By: Debby Winters
With the patent system switching from first to invent to first to file, trade secret law, as an alternative to patents, may be one of the most important ways to protect and develop new and cutting-edge ideas. Trade secrets are generally defined as an exclusive right to valuable information not generally known in the industry or readily ascertainable by competitors.
In many cases, it makes more sense to protect intellectual property using trade secrets rather than patents. Trade secret law: (1) provides broader protection than patent law; (2) is immediately available and requires no government approval and costs significantly less; and (3) permits the inventor to keep the innovation “secret” without having to disclose the idea through patent publication.
First, with respect to breadth, trade secret law protects assets that are not otherwise protectable under the patent law. Trade secrets need not be “novel” and extend to valuable information like business plans, customer lists, technical drawings, processes, procedures, marketing data and forecasting that are specific to the innovator so long as they are secret, valuable and not generally known in the industry. A trade secret can also be “negative” know-how, that is, what paths to development would be unsuccessful, which are sometimes as valuable in terms of time and money as those that are successful. Moreover, trade secrets may be protected in perpetuity – or until someone else independently develops the idea or reverse-engineers it – whereas the duration of a patent term is 20 years.
Second, trade secret protection will attach automatically to ideas and information that are kept secret and subject to reasonable measures to protect secrecy. Trade secrets do not require any government approval, they are not subject to a registration process, or incur any official costs. Trade secrets are also not subject to the attendant delay of the patent process, which could take years to complete, and therefore are a more practical and attractive alternative for innovators in fast-moving industries. For the same reasons, trade secret protection is often less expensive than obtaining a patent and is also attractive to start-up companies and small businesses.
Third, unlike patents that are published and must be enforced through litigation if infringed, the holder of a trade secret must only keep the information secret to qualify for protection. The ability to keep information secret, rather than disclosing it through the patent process, could potentially be a very lucrative decision. The classic example, of course, of where an inventor made a great choice choosing trade secret over patent protection is the formula for Coca-Cola, which still maintains its trade secret status approximately 100 years later.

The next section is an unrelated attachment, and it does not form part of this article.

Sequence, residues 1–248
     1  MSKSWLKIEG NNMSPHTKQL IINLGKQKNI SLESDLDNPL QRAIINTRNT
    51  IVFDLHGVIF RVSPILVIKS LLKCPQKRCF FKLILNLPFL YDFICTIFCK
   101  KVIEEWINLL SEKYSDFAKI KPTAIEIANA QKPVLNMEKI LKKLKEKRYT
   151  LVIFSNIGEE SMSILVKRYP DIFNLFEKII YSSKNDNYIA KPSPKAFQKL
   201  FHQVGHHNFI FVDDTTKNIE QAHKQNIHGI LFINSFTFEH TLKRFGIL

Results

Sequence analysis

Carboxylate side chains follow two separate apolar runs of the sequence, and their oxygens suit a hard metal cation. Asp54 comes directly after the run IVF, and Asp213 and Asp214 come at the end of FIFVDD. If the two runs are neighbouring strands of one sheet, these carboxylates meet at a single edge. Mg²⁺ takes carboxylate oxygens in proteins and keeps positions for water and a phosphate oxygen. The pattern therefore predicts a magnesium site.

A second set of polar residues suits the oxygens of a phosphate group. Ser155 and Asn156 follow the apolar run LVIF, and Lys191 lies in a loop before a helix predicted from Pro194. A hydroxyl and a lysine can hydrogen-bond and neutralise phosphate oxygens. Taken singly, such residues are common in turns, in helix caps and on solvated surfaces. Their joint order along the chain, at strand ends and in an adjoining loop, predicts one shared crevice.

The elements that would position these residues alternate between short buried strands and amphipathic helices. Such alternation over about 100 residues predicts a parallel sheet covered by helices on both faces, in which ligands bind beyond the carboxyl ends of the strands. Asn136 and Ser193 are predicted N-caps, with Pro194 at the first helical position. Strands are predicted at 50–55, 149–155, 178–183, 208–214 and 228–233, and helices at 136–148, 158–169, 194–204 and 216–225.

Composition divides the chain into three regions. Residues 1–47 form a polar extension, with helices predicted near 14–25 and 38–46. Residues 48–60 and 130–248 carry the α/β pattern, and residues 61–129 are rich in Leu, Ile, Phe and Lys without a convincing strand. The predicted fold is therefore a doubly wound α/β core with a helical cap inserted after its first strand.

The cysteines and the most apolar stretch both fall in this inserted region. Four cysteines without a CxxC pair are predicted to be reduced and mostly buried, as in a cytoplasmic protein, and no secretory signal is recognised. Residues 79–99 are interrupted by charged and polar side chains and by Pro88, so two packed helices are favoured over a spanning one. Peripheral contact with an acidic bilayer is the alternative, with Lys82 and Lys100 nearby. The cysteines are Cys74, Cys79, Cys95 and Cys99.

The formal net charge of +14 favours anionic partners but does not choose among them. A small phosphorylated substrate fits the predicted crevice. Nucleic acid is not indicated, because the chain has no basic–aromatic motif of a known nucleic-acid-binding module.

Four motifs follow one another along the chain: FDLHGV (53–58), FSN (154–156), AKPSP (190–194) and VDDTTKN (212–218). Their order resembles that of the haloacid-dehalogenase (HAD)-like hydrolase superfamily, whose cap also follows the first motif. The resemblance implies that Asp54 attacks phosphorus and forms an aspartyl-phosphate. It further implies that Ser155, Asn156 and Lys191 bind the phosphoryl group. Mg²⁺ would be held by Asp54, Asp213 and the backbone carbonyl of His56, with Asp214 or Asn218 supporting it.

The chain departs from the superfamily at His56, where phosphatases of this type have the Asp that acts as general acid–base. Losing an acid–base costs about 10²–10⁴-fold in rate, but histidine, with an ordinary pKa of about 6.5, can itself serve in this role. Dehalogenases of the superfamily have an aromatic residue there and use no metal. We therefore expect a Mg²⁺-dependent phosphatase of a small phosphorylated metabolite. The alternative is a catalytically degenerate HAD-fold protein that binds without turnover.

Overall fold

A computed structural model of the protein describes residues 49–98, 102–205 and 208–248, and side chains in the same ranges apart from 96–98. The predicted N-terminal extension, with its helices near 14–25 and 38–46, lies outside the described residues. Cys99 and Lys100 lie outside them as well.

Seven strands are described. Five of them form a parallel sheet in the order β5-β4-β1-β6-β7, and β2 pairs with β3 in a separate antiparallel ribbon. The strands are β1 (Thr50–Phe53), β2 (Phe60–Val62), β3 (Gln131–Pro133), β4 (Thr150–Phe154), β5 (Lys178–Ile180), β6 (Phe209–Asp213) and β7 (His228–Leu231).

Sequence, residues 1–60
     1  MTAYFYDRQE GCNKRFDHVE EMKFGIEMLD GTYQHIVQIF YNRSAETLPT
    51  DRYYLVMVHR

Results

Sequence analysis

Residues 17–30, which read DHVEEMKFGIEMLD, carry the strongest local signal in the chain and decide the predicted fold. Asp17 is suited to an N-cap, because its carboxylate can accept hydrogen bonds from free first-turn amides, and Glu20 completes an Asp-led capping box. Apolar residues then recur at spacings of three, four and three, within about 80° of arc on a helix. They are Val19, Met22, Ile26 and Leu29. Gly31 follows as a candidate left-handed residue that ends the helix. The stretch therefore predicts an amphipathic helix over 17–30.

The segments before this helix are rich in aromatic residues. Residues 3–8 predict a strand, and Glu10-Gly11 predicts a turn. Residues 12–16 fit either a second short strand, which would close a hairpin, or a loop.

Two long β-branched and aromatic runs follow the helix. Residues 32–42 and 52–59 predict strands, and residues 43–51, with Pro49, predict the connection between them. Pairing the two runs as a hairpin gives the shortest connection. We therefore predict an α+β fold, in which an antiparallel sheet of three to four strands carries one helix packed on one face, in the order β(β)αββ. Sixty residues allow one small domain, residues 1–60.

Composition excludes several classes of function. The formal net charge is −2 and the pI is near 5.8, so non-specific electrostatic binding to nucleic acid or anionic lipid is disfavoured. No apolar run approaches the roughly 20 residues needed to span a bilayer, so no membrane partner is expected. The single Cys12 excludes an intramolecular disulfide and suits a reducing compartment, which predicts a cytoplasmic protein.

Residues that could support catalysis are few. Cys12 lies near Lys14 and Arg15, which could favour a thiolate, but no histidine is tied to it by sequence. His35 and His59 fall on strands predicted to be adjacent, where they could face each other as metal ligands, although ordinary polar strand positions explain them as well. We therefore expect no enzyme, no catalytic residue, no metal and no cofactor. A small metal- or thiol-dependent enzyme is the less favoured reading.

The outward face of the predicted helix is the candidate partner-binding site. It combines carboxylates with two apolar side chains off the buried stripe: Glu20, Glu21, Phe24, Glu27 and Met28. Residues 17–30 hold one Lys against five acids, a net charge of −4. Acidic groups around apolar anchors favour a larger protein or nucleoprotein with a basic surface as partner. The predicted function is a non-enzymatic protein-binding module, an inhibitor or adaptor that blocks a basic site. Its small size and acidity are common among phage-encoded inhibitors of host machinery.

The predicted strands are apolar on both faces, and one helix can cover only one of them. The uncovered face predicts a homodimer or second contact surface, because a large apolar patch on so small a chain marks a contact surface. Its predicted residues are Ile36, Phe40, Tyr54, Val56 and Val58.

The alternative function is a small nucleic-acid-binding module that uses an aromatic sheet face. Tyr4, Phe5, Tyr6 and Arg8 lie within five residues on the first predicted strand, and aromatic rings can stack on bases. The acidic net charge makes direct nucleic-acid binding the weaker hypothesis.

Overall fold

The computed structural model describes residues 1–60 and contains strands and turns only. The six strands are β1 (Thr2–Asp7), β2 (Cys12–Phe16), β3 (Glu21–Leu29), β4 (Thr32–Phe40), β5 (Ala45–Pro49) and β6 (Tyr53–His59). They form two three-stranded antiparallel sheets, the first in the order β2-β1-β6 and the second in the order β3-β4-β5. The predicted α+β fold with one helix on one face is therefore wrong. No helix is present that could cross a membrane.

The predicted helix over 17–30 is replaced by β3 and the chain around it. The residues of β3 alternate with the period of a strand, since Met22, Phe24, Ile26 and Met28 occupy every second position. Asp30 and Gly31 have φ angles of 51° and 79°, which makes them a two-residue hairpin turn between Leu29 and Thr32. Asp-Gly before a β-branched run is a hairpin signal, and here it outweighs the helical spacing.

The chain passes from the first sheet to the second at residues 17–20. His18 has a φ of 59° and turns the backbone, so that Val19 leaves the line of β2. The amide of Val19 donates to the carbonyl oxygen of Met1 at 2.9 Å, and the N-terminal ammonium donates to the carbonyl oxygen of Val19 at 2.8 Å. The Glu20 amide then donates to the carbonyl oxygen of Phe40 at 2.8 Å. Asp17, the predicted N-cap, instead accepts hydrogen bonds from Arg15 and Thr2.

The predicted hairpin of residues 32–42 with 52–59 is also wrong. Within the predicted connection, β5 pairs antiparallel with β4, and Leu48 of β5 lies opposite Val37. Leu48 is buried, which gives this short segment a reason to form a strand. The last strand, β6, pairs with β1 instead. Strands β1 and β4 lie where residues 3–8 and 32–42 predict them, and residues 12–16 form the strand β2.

Trade secret protection is not always the best strategy for protecting intellectual property. Trade secrets are not protected if another person develops – independently and without accessing the secret information – the same exact idea. Moreover, if a product that contains a trade secret is released into the market, trade secret protection is lost if the trade secret can be reverse-engineered. Thus, trade secret law is not effective for obvious and generic new ideas or those that could be easily reproduced once a product is in the market. For example, the design of a cement mixing truck was held not to be a trade secret because it was obvious once the truck hit the street which direction the cement was being loaded to be mixed.
With the upside of protecting vast amounts of otherwise not patentable information and ideas through the use of trade secrets, the question becomes: Are innovators doing enough to protect their trade secrets? Methods for protecting trade secrets will vary depending on the size and scope of the enterprise and the secrets kept therein, but here are general guidelines to help ensure secrecy:
• Build a culture where innovative ideas and information are highlighted as critical, valuable and that they will be protected.
• Emphasize the importance and secrecy of the information through the use of nondisclosure and non-compete agreements.
• Ensure that facilities where trade secrets are kept are physically and electronically secure with locks, passwords and credentials, and limit access to such information to those that really need to know.
• Mark physical and electronic documents with legends and footers indicating that the information is “trade secret” and “confidential.”
•Establish policies and procedures to protect the information and continue to make employees aware of the importance of such information through training.
• Keep current with technological advances that allow misappropriation of trade secrets and adjust security, monitoring and policies as necessary.